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Atlantis, the Lost Land

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Some Comments on Viatcheslav Koudriavtsev's paper "Atlantis: New Hypothesis"

Mirror of 'Prof_ Grosswald About Koudriavtsev's Hypothesis.htm'

originally published on in 1997 all rights reserved


Some Comments
on the third version of Viatcheslav Koudriavtsev's paper "Atlantis: New Hypothesis"

(Translated from Russian by Elena Koudriavtseva)

The paper makes a good impression on one, thanks to the author's profound study of the issue. He is familiar with texts which may be considered original sources, as well as with all the existing versions of their interpretation; his judgements and his reasoning seem to be sound and sufficiently logical.

Speaking of the paleogeographic aspects of the hypothesis, I have the following to say.

The conclusion proposed in the paper was completely unexpected to me. I have read something on the issue, but no one seems to have looked for Atlantis on the Celtic Shelf. But on second thoughts, this conclusion makes sense. Listed below are the reasons why I think so:

  • The areas of the European shelf to the south of Ireland, could actually have been land during the glaciation and late glaciation - until approximately 10 thousand years ago. Why "approximately"? Because we only know with a sufficient degree of reliability the modern depths over the shelf and the chronology of the changes of the ocean level for the past 18-20 thousand years. However, the position of the actual level of the land in relation to the sea level in this specific region also depended on a third factor, which so far defies quantitative determination. This factor is the changes of the level of the earth crust surface due to the glacio-isostatic effects of the Scandinavian and the British Isles ice sheets. Proceeding from theory it can only be stated that isostasy corroborated Viatcheslav Koudriavtsev's hypothesis: during glaciations it was bound to uplift the shelf...

  • Was the climate of the Celtic Shelf conducive to the life of people? Probably, it was, though it was far from hot. It was cool and wet, conducive for primitive farming; besides, in the proximity of the glaciers there could have been concentrations of big mammals and other animals.

  • How did the late-glacial and post-glacial changes of the sea level take place? They were far from fair and gradual. It is known now that the degradation of the ice sheets of North America, Iceland and the north-west of Eurasia did not proceed in a smooth manner, and the process can be depicted not by a fair curve, but by a stepwise graph, in which the vertical segments correspond to the stages of rapid discharge of ice into the ocean. Such discharges, at least the biggest ones, known as the "Heinrich events", were simultaneous all around the periphery of northern Atlantic, and in the course of these discharges millions of cubic kilometres of ice surged into the ocean, causing a leapwise rise of the sea level.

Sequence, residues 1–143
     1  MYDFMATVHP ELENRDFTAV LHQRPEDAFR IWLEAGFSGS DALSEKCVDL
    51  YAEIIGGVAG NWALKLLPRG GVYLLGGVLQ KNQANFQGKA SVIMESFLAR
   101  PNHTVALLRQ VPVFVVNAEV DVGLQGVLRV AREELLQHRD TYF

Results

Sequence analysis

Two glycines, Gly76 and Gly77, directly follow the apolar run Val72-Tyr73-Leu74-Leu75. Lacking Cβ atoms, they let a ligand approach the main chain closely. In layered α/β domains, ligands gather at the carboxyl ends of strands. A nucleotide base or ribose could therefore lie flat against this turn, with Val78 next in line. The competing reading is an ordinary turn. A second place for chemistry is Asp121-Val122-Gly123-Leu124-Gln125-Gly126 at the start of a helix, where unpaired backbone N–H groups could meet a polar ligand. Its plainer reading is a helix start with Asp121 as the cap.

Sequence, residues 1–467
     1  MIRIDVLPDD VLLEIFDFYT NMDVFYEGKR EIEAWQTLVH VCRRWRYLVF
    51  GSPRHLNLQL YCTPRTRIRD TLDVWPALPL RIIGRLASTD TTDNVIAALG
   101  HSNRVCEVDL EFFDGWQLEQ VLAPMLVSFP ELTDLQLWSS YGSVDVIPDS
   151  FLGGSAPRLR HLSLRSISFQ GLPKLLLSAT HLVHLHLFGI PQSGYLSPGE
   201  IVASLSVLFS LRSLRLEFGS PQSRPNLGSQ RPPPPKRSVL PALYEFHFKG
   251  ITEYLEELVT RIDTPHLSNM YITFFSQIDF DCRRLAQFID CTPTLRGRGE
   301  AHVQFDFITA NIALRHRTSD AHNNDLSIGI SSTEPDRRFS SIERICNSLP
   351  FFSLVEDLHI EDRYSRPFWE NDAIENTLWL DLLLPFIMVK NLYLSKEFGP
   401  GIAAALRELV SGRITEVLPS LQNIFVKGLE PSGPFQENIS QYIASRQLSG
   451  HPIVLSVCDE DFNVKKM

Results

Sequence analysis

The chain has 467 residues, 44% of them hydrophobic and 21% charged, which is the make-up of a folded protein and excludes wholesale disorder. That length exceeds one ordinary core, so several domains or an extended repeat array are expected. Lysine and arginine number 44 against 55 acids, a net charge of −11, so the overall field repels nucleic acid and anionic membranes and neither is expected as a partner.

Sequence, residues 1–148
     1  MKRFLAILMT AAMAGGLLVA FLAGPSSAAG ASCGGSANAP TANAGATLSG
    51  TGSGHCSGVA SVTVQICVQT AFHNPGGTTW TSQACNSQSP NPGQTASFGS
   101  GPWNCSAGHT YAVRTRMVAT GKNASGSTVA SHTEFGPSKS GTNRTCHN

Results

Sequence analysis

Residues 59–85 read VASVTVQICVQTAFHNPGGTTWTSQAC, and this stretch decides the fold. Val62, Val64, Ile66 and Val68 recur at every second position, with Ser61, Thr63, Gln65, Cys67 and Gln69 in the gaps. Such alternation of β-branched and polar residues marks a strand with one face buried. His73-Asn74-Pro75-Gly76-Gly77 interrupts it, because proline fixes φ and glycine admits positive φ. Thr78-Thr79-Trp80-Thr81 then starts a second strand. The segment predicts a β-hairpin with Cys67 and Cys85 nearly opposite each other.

One of such episodes of rapid discharge of ice into the ocean that I know of, took place about 10 thousand years ago. For low lands, including the area of the hypothetical Atlantis, this particular ice discharge (glacial surge) could have been fatal, causing a disastrous deluge.

  • Of course, there are things making the hypothesis less plausible. Maybe, there are quite a few such things, but I will point out one. "The Celtic land" was an ephemeral phenomenon, it had not existed before glaciation, it did not exist between glaciations, it existed not longer than several thousand years. Thus, the time span which nature allotted for the hypothetical Atlantean society and economy to develop was brief.

Professor Grosswald
D.Sc. (Geography)
Institute of Geography of the Russian Academy of Sciences


Mirror of 'Prof_ Grosswald About Koudriavtsev's Hypothesis.htm'

originally published on in 1997 all rights reserved 

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